17 August 1916
Achille Coppens
Quatrieme Escadrille (RFC 25), Belgium
Farman F.40 Pusher (F.E.2b)

08:25 Line Patrol

Finally back in the saddle again! Our mission this morning was a line patrol in friendly territory over the Niewpoort area. Weather was awful but I won't complain. Got a few glimpses of the coast and had a chance to knock the cobwebs off. No enemy aircraft spotted. In fact the only other contacts we saw were moving towards the line from west to east in front of us, but we never got close enough to identify them.

16:10 Line Patrol

This afternoon Capt. Bouckaert and I were sent back out on our second patrol of the day along the front between Ploegsteert and Ypres. I guess our C.O. wanted us to make up for lost time! We joined three other craft in B flight with 3 more craft flying top cover in A flight.

After our climb out we lost sight of A flight and never made contact again. As we approached the line 5 dots emerged directly in front of us at co-alt. One dot dropped away and did not return, but four dots came directly at us. As they came into view they were Fokkers and looking for a fight! They passed just under us and came in behind us.

As the Fokkers approached from our rear no effort was made to engage them, but instead once again we held our patrol formation. The Fokkers closed to within firing distance on our rearmost plane and opened fire. In just an instant he exploded like a giant fireworks display. Then the Fokkers focused on the next of us in line while we maintained our formation with some sporadic fire from our gunners. The Fokkers quickly sent the next of us plummeting to earth in a death spiral with one Fokker following him down to make sure of the kill.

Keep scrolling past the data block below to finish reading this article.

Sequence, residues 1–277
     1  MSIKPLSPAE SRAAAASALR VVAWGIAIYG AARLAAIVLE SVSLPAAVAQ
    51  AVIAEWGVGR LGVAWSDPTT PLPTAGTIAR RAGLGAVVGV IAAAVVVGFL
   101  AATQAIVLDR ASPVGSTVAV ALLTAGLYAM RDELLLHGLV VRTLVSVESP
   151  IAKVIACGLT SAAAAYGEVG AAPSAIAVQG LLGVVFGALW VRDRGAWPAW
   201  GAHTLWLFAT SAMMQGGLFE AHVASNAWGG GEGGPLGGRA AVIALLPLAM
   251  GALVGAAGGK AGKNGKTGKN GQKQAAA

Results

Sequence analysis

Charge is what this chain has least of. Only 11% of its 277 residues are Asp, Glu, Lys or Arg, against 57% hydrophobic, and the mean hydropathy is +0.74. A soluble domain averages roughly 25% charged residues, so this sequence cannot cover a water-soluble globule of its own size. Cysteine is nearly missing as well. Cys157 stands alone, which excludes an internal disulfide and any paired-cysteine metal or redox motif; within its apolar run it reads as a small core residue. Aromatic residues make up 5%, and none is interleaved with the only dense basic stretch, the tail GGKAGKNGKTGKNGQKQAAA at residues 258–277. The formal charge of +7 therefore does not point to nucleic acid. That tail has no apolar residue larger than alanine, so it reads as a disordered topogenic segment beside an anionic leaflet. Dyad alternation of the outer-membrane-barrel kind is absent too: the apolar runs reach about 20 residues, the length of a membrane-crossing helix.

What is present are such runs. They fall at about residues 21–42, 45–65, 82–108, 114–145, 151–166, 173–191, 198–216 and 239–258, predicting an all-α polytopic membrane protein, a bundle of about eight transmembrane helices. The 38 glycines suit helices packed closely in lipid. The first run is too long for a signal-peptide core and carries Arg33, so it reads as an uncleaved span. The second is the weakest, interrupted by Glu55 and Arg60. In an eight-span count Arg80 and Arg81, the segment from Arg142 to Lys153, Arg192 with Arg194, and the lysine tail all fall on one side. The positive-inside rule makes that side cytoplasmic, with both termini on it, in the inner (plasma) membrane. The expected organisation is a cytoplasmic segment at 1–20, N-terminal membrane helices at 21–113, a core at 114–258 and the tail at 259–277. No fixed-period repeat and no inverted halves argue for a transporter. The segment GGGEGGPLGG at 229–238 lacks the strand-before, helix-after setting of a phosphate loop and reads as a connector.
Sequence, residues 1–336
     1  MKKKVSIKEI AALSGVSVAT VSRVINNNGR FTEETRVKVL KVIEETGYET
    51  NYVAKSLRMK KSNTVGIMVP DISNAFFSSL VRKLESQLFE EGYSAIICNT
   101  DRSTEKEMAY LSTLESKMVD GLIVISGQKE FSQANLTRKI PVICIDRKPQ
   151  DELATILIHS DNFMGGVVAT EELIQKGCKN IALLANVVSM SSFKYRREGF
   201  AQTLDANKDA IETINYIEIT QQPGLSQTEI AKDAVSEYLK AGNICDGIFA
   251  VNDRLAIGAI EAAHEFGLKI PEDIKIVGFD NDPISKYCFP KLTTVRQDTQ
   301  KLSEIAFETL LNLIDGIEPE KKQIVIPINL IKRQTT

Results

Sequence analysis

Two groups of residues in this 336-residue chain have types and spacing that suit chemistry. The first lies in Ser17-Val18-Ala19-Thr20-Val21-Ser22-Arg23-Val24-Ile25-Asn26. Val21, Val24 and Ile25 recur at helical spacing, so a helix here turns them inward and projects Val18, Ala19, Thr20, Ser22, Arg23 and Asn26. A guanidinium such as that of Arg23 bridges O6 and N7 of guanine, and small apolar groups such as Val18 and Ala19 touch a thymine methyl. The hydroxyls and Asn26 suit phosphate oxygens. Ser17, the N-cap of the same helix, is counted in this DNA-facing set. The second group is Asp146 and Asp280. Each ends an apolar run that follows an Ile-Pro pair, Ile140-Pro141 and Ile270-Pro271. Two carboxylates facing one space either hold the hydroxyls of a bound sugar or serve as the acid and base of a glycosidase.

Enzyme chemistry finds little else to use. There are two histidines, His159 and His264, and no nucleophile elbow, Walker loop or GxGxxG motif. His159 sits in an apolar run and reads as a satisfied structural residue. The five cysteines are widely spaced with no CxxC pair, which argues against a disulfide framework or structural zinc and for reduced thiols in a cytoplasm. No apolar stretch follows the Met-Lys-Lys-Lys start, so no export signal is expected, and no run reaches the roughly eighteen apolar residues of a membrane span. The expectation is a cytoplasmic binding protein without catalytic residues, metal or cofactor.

Now there are two of us left and at this point I'm thinking to heck with orders, so I break out of what is left of our formation with my wingmate and begin to maneuver. My wingmate breaks in the opposite direction and the three remaining Fokkers follow me! So now the chase is on. Not looking to fight three Fokkers at once I put my nose down to the west and run!

My wingman quickly dissappears from sight, but not the Fokkers. Being a good 30 miles from my home field I start to look for alternative fields but also realize if I slow down to land the Fokkers will be on me. So I maintain a gentle descent at full power towards my home field as the Fokkers appear to be slowly closing. Finally at about 10 miles from my field one Fokker breaks off the chase. Then a few miles later the second Fokker breaks off and now its an even fight! But when I turn to engage the last Fokker he suddenly decides he is no longer interested in me and turns for home. Realizing the chase could go on for another 20 miles back to the lines I turn back for home and land alone without incident. Later in the day it is reported that all three of my wingmen were shot down with the loss of all crew members and craft.

This tactic of flying in formation without combat maneuvering is doing us little good in this experiment with the Farman in the role of a scout. My alternative is to break away from the formation but then become a lone target that could be singled out as I was today. The only solution seems to be to turn and fight, as we can't outrun the enemy. Had the Fokkers pressed their pursuit another few miles I would have likely met the same fate as the rest of my flight. But would they listen to the ideas of a Sergeant? Probably not, so I'll bide my time and pray I survive long enough for my transfer to a scout squad as I refuse to call the Farman a scout!

Dogfighting is what you do "after" you drop your bombs and blow something up!
Can you say "JABO!" thumbsup